Pension company is set to divest in firms which fail the climate test, but is this enough?


SCOTLAND’S largest local government pension fund will drop investments in fossil fuel firms that fail to act on the climate emergency.

The £24 billion Strathclyde Pension Fund, will become one of the first major funds in the world to adopt a policy of divestment where companies do not meet environmental standards.

The fund will carry out an assessment of energy companies and set minimum standards, in consultation with its investment managers, Sustainalytics.

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Photo by NASA on Unsplash. Strathclyde Pension Fund is based in Glasgow, which will host the United Nations climate change conference COP 26 later this year.

Chair, Councillor Richard Bell said: “When it comes to securing a just transition to a low carbon economy, Strathclyde has always been happy to put its money where its mouth is.

“The fund has long been a leader in terms of measuring and disclosing the carbon impact of its investments; using its clout as a shareholder to push for better environmental outcomes, and backing renewable energy.

“All of that will continue – and that is where we can perhaps have the greatest direct impact on the climate emergency

“However, it’s important that we continue to be bold and to lead from the front – and that is why we have agreed divestment will play a part in our strategy in future.

“We’re putting fossil fuel companies on notice that, if they don’t take their responsibilities on carbon or climate seriously, then we are prepared to drop them from our portfolio.”

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Photo by NASA on Unsplash.It will try to collaborate with other funds that are to introduce divestment policies; including the New York State Pension Fund.

Councillor Bell said: “Our direct investments in clean, renewable energy already dwarf our interests in industries like oil and gas.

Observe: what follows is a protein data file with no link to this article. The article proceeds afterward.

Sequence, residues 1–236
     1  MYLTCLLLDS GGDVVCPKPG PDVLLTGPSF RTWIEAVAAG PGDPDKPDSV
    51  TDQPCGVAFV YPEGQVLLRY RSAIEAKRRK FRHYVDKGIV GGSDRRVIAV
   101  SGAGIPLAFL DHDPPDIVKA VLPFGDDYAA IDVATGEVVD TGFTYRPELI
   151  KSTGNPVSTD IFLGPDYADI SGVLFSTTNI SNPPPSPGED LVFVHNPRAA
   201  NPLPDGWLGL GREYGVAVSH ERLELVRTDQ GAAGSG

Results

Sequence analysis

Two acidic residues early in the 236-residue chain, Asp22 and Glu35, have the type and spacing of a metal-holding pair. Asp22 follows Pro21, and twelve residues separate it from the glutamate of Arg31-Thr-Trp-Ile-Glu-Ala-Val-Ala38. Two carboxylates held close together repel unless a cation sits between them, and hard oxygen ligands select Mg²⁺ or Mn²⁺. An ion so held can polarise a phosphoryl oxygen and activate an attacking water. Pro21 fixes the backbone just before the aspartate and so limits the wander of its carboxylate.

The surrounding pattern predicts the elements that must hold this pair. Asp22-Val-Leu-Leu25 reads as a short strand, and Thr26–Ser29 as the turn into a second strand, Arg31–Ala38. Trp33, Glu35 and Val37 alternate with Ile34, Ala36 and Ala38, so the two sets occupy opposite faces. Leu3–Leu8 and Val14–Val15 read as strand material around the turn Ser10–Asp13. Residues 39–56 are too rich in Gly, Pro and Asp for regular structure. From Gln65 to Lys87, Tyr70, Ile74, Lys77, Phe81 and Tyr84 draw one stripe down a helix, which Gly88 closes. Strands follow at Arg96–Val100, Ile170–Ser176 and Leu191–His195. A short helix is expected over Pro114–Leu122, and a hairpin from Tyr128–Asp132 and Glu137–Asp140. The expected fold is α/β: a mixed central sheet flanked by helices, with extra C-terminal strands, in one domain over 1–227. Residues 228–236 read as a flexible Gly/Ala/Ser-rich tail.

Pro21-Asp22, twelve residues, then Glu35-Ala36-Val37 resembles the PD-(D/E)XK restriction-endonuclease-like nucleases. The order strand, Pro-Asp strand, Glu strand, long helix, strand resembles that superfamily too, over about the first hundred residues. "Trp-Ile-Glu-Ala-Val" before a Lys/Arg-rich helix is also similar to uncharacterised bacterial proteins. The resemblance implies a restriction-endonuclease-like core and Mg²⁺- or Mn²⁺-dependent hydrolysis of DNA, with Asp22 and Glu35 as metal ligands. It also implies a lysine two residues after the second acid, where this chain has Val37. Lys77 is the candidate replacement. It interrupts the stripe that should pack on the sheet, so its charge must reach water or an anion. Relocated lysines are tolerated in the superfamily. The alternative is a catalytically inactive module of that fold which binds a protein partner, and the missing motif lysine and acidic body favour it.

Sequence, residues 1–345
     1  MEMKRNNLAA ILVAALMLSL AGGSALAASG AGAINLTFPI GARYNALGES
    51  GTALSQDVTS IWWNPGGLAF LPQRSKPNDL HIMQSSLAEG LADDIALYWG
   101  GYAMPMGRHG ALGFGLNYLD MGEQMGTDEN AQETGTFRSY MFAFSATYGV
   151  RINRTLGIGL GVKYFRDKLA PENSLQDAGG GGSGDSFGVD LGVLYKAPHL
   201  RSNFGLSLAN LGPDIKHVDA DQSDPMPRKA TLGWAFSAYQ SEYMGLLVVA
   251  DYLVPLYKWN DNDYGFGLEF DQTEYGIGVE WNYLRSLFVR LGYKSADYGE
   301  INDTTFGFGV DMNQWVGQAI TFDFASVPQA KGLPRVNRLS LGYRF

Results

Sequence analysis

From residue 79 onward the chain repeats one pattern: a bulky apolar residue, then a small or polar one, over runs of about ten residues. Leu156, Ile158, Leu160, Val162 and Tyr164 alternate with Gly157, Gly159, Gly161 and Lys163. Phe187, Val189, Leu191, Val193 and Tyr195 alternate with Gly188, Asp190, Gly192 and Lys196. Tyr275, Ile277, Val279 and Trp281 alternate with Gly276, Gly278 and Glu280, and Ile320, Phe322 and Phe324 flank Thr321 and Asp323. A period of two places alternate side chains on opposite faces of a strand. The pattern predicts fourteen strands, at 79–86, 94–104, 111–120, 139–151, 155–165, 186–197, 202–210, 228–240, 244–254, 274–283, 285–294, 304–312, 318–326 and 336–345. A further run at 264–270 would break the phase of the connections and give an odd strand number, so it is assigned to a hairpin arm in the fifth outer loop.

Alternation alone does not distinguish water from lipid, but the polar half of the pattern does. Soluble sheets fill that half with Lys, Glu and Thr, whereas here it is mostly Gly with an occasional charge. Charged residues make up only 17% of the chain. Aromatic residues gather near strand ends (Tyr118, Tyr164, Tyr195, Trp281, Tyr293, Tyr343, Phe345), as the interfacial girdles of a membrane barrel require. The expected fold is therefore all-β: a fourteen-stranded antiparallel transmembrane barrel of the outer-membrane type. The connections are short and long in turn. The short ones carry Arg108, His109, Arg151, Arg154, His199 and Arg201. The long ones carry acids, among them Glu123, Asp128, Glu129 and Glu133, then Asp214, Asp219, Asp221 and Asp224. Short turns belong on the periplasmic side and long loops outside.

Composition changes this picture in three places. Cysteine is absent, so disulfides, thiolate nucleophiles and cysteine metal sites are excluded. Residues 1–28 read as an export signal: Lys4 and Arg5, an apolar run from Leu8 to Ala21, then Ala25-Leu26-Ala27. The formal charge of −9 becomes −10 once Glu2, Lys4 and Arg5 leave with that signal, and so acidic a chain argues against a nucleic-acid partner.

“We also understand that some of those traditional energy firms are now at the forefront of investing in a low carbon future – but responsible, forward-thinking companies will welcome Strathclyde setting a high bar.

“Ultimately, this is about saying that we won’t stand for companies putting our investment – and the retirement savings of hundreds of thousands of our members – at unnecessary risk.”

It already has an international reputation as a leader in responsible investment, with a climate strategy that reflects the Paris agreement

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Photo by Kouji Tsuru on Unsplash. But is this all too little, too late for Strathclyde Pension Fund?

The Strathclyde Pension Fund has been criticised for not doing enough by UNISON they say: “Climate justice delayed is climate justice denied.”

UNISON is disappointed that the Strathclyde Pension Fund Committee has deferred a decision about their major investments in fossil fuels.  

Instead, the committee agreed to an assessment of energy sector companies to see if they meet a set of undefined minimum standards.  

Strathclyde is the largest Local Government Pension Fund in Scotland, with over £27 billion on behalf of 250,000 fund members in Glasgow and the West of Scotland. 

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Photo by Johannes Plenio on Unsplash. Around £500 million of this money is invested in fossil fuel companies.

UNISON regional organiser Simon Watson said: “We are facing a climate emergency and we all have to take responsibility. 

“Investing in fossil fuels is ethically unsustainable and a financial risk to workers futures. 

“Strathclyde is the biggest pension fund in Scotland, and those who pay into their pensions expect the custodians of the fund to take this into account.  

“Councillors enter politics to represent the hopes of local people and to make a difference.

“Today they fell short of the mark. 

“With the COP26 UN climate summit coming to Glasgow this year, it would be an embarrassing failure of leadership if Strathclyde Pension Fund does not take decisive action to rid itself of fossil fuel investments.”